Platform, The Bridge, Glasgow

Mary Brennan 

four stars

Parp! P-a-a-r-p! Rory Clark’s sousaphone is blowing wonderfully fruity raspberries and we - adults, as well as children - are laughing and totally loving the sound, and the sight, of this great metal boa constrictor that’s wrapped around his long, lanky frame. Plink-plink-plink - nearby, Rory Haye is on ukelele, Claire Willoughby is on saxophone, Sita Pieraccini is on melodica although in a matter of beats’n’bars this hugely versatile quartet will have moved on to other instruments, and will be playing around with rhythms and sounds that range from acoustic guitar, to marimba, to... ripping up sheets of paper.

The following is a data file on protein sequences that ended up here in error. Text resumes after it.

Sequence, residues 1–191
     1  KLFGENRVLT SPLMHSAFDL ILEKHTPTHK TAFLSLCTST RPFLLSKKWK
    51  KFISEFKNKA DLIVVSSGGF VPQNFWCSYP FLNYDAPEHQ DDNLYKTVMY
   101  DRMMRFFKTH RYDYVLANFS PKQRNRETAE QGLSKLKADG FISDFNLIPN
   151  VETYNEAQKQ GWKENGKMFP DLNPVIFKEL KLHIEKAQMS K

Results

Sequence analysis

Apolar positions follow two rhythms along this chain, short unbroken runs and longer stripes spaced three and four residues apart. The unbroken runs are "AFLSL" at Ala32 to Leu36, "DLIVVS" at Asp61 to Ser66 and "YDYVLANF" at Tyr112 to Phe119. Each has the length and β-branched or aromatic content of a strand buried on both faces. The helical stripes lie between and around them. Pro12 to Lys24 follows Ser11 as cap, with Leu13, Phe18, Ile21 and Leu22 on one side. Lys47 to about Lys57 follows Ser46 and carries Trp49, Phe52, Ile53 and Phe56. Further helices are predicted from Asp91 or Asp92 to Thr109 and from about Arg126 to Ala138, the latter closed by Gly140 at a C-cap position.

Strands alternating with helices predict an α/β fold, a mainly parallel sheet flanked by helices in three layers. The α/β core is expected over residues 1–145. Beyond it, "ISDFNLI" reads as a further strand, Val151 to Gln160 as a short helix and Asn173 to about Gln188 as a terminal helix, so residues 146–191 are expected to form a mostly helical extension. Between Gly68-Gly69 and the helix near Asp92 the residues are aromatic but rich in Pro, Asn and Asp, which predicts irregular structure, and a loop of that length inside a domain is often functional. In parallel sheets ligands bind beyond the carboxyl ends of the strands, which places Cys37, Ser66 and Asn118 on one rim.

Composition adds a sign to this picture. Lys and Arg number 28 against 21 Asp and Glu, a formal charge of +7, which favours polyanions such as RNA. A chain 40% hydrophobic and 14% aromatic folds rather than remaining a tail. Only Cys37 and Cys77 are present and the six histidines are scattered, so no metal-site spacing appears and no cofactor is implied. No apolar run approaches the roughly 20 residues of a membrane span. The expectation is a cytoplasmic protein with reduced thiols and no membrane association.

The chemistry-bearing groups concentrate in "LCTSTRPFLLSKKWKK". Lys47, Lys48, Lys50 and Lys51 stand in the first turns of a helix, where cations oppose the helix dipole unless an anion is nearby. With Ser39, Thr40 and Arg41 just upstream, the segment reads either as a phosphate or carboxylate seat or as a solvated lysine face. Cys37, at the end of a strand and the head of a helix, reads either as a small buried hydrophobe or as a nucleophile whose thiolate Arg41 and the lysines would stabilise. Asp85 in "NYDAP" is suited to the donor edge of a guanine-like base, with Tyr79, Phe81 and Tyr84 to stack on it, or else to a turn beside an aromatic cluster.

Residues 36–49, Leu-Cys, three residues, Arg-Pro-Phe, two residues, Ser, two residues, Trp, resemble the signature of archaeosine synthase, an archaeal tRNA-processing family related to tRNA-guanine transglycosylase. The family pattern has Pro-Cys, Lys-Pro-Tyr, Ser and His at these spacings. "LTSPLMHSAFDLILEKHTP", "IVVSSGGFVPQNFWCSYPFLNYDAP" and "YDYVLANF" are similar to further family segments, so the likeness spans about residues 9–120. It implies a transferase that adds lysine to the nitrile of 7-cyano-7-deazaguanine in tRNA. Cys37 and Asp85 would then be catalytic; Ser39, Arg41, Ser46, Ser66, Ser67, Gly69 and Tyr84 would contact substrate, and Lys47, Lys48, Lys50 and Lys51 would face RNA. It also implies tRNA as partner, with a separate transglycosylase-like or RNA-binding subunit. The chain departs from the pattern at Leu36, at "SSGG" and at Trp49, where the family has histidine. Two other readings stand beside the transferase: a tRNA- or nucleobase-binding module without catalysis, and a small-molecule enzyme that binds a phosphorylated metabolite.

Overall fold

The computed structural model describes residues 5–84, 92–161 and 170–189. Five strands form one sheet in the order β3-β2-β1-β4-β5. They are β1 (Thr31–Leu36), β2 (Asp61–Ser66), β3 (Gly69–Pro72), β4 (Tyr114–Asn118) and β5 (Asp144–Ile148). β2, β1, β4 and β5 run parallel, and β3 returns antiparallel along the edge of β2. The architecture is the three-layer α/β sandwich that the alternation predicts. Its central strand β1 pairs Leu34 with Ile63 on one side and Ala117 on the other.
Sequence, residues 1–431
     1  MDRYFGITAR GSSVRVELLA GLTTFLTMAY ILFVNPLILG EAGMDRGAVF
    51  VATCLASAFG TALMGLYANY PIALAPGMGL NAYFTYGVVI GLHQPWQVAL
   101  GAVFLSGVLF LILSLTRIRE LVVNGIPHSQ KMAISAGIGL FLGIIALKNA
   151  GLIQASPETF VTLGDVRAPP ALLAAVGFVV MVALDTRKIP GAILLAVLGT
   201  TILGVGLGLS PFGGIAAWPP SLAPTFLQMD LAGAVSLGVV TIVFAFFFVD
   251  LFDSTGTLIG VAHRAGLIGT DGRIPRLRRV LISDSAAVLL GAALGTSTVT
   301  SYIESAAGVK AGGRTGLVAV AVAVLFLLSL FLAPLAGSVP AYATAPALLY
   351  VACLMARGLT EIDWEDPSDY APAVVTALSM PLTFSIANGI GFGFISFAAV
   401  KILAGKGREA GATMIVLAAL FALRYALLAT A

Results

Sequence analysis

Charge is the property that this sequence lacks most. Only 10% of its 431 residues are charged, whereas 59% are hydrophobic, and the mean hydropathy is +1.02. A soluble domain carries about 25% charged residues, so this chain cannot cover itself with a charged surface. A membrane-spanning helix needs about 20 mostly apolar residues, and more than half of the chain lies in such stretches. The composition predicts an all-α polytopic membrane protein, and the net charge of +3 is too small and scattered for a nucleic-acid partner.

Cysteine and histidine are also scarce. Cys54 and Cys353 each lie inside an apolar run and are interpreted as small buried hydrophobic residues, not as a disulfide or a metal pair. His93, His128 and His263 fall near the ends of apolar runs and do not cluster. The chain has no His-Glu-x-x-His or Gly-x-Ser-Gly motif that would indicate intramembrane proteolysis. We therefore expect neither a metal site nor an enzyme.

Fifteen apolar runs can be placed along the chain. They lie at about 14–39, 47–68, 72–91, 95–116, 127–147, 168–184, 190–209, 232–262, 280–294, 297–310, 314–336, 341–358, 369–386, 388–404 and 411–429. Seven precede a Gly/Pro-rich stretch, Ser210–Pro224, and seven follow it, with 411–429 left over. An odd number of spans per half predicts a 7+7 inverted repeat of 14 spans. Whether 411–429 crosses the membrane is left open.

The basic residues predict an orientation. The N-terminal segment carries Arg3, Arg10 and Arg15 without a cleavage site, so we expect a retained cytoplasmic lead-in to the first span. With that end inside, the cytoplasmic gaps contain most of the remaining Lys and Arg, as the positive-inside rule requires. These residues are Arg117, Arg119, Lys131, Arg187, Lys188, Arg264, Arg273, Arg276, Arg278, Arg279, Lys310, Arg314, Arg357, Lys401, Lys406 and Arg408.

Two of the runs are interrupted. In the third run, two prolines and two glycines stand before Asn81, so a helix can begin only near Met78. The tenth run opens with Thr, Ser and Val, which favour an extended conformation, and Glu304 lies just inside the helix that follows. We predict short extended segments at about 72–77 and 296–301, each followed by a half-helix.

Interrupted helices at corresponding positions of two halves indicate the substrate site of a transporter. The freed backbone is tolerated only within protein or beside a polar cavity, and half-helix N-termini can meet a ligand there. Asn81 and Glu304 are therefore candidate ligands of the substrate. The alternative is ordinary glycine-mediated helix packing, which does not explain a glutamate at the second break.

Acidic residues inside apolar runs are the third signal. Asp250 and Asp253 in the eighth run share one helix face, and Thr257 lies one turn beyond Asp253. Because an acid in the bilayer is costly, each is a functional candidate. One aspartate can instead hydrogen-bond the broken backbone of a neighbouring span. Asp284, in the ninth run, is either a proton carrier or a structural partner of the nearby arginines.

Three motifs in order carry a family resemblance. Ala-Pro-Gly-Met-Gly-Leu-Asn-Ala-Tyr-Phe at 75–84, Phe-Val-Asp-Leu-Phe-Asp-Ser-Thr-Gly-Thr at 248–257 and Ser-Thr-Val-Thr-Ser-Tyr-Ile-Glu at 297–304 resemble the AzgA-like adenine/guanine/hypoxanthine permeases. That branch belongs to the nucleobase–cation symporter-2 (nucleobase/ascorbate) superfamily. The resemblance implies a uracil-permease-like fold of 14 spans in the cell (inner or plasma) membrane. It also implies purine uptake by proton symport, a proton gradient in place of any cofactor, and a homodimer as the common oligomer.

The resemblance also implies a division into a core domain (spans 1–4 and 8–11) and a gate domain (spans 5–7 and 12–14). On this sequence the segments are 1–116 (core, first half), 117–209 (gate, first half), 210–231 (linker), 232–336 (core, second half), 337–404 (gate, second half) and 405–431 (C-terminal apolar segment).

There’s so much to enjoy - and applaud - here but what’s especially astute about Whirlygig is how composer Daniel Padden has orchestrated so many everyday objects into the making of music. Percussion is the name of many of the games  we see and hear: a table-top can be rapped, thumped, scratched, a bottle can be ting-ting-tinged, and the sound will alter depending on the amount of fluid inside - and when it’s empty, blow across the neck and whoo!whoo!, foghorns ahoy! Time was that much of this adventuring would have been accommodated within primary (and secondary) school curriculums, but such fun-filled learning isn’t always available nowadays so it’s good to know that Whirlygig’s co-producers - Catherine Wheels and Red Bridge Arts - have scheduled performances in schools across Scotland. Various community halls and venues are also in on the act so families can share in the hi-jinks (and low sousaphone notes) that Whirlygig delivers with such comedic aplomb. At the command of an insistent cuckoo-clock, the musicians assume formal ‘band mode’ behind music stands, but - as hinted by their costumes - daft clowning is never far away as they share (with a literal cross-over of talents, and bowing arms) in an exuberant hour of mischief and music that is aimed at audiences aged 6+ but is an imaginative treat for adults too.
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